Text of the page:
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Hi Deepali, It's because the energy bands. The color of a bulk material depends on its electrons that absorb photons energy, they are excited and finally go back to relaxation. The final energy is being released as photons and depends on the allowed states that electrons can be excited. So when they go back to their primary state they emit that energy as photons. When you have a bulk material, the energy levels are bands (because of the large amount of atoms inside the material). When you go to nanoscale, the bands become more finite and the specific energy that electrons are excited and relax changes. I don't know your physics level, but i'm sure that you can find some help in: http://wiki.answers.com/Q/Why_different_materials_have_different_colors and about energy bands in solids or free atoms in this pic: http://universe-review.ca/I13-03-energyband.jpg Hope i've helped you. For any other answer just feel free to ask.
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Does anyone have any experiments about growth of NiO nanowires using thermal evaporation method?
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Hi everybody
I have a good nanowires sample. I have done several characterizations for it. I can submit it to an ISI journal, but I want to submit it to a high impact journal. Therefore, I need to HRTEM. So, I am looking a researcher as collaborator who can do HRTEM for this sample. Everybody are interested for this collaboration please contact me by my email: yousefi.ramin@gmail.com
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I'm starting my research in catalytic thin films, deposited by magnetron sputtering. I would like to read your opinion about the materials can be used or any other thought about the subject...
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i'm thinking of single layer films and yes, i'm going to use Ti target, rf reactive magnetron sputterring with O abient gas
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How it can be prepared (with procedure)? Is it possible with the help of PECVD thin film of PbTe? Please, specifies with detail.
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Abhay,
R u working on PbTe thin film or any other thin film technique?
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I Have tried it but it will come out while touching
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With some experience on the hydrothermal synthesis of MoO3 and combustion synthesised Co3O4 films I feel that the secret of forming peelable oxide thin films has to do with the morphologies that develop on crystal growth. Just compare MoO3 with MoS2(which is a famous layered structure used as a lubricant). You would see the difficulty of making MoO3 by poor man's techniques. Ultimately it boils down to the strength of the Mo-O bond. CSS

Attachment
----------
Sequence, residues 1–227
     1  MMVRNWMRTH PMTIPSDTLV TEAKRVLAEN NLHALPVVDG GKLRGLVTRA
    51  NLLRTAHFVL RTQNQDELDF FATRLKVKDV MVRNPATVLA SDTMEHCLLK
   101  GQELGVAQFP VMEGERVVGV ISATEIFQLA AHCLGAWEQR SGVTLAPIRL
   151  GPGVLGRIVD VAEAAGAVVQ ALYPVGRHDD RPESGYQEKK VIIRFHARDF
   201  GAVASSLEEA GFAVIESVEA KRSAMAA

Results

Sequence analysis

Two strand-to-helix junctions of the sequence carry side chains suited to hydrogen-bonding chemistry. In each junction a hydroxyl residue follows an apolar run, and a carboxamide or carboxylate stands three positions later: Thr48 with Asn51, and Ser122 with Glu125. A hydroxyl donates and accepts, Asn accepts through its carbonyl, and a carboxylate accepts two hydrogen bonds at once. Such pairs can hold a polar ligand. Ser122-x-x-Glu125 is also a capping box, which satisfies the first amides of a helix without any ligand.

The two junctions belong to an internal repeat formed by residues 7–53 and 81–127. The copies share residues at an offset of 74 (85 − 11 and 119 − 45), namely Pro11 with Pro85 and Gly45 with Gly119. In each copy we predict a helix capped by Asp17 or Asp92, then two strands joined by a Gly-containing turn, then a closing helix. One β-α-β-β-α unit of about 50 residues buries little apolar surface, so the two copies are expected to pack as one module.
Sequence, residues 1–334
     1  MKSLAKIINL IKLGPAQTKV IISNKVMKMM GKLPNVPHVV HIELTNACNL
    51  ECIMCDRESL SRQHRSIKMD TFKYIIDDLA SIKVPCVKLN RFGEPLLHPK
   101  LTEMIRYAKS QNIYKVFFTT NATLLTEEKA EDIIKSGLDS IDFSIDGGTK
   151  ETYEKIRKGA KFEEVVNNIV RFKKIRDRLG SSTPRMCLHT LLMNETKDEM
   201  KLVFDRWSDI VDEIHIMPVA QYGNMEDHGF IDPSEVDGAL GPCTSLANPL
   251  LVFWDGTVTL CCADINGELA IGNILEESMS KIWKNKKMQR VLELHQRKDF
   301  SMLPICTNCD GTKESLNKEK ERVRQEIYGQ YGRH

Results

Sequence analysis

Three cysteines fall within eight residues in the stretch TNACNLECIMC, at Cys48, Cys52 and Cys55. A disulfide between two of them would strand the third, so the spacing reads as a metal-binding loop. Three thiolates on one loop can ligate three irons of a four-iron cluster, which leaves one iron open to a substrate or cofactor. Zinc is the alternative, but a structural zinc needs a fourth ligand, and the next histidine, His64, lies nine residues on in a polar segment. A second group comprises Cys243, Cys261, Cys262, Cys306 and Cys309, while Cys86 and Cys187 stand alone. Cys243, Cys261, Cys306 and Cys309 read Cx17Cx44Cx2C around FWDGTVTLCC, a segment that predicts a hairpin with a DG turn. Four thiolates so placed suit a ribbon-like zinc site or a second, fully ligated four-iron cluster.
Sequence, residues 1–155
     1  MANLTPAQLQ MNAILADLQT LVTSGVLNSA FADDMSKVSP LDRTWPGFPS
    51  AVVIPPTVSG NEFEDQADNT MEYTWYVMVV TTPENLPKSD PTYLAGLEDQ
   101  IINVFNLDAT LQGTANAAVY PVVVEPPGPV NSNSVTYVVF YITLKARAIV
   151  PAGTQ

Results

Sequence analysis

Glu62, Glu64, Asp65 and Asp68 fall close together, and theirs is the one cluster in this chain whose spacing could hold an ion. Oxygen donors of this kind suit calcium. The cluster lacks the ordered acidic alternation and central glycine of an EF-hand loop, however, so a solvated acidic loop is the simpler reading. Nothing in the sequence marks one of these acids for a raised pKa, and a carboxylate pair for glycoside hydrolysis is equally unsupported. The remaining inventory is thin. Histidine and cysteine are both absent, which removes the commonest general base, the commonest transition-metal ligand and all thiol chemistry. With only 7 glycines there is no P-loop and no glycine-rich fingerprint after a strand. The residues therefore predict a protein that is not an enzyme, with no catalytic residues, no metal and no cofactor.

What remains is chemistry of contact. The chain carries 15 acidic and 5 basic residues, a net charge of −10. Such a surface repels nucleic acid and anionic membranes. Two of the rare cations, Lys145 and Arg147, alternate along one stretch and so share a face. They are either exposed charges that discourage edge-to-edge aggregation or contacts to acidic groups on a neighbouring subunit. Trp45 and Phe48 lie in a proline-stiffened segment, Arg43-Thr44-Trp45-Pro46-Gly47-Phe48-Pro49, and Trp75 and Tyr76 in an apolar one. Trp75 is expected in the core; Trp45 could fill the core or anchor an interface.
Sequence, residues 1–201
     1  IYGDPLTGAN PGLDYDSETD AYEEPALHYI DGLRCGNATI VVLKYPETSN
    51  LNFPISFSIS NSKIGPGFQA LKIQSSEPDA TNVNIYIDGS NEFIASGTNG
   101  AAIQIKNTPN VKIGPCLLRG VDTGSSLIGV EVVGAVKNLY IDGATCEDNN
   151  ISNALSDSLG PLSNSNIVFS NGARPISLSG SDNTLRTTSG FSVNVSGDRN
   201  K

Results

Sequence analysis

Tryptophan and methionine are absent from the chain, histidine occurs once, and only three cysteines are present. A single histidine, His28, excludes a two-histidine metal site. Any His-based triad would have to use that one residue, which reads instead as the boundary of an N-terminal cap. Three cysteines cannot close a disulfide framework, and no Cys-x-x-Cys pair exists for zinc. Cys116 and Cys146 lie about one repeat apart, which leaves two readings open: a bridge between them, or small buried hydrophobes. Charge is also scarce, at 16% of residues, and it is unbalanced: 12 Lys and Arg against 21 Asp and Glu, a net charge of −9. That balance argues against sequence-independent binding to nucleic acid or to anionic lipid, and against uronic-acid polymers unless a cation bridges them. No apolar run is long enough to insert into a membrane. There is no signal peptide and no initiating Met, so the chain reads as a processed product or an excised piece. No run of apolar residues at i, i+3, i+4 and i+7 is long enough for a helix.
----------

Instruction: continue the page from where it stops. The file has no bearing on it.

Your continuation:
How to prepare thin films of silver?
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I have tried using silver nitrate but didnt succeed.
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Silver films could be prepared by spray pyrolysis too. The conditions depend on the type of substrate and the thickness of the film that you want. I have done it with sputtering and with spray pyrolysis. If you want some collaboration, please let me know. Good luck!
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Im having trouble making a decent dispersion of graphene oxide (from a solution of 5mg/ml in ethanol or water) in THF diluted down to around .25mg/ml and casting a uniform film. The mixtures tend to settle upon centrifuging even as slow as 3K RPM
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Yeah im trying to avoid surfactants... Literature suggests that it should be easy. Im starting to worry that my sm is contaminated
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Has someone information on formation and growth of thin films polymerized acetylene, and some recommended article on the subject
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Its possible to obtain thin films of DLC from acetylene using dc magnetron technic see J, Libardi at sciencedirect " Comparative studies of the feed gas composition effects on the characteristics of DLC films deposited by magnetron sputtering"
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Are there any simple, cheap methods to grow Si or ZnO wafers? Say for example using enzymes or Sol-gel or Spin techniques etc
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If you want high quality or single-crystalline growth, then physical vapor deposition wont work for silicon, but you can get fairly high quality biaxial ZnO using sputtering or ebeam evaporation. Silicon will grow amorphous and slightly porous using these methods. For ZnO, if you employ oblique angle deposition during growth, you can partially control the crystal orientation and quality.
Teki, R., Parker, T., Li, H., Koratkar, N., Lu, T., & Lee, S. (2008). Low temperature synthesis of single crystalline ZnO nanorods by oblique angle deposition. Thin Solid Films, 516(15), 4993-4996. doi:10.1016/j.tsf.2007.10.024
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Dear every one,
I’m student of polymer Engineering (MS degree) and besides I’m working at HDPE production company. This semester I have to submit my proposal and I want to work on my working field (HDPE-film grade)
Can anyone give me the Idea for using Nono materials in HDPE film? or other subjects.
Thank you very much in advance.
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Thank you so much my friends, I will raise your Ideas to my Teacher .
Actually, My teacher is waiting for my proposals to select one for my thesis.
Im looking forward to recieving your suggestions.
Thank you.
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E.g. crystalline YIG films appear yellow, whereas amorphous YIG is black.
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This is explained by the concept of "color centers" in Solid State Physics which has some complex tensor-based math to quantitatively explain something which is a lot easier to understand in words ...